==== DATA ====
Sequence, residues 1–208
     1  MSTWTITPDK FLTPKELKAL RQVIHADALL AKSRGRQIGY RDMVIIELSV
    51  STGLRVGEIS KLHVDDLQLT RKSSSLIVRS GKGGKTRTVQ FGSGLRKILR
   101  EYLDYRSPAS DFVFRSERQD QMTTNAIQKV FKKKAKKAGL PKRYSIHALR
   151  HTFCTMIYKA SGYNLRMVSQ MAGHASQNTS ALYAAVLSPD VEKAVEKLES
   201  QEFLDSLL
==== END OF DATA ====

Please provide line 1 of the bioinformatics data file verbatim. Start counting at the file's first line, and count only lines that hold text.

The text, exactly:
Sequence, residues 1–208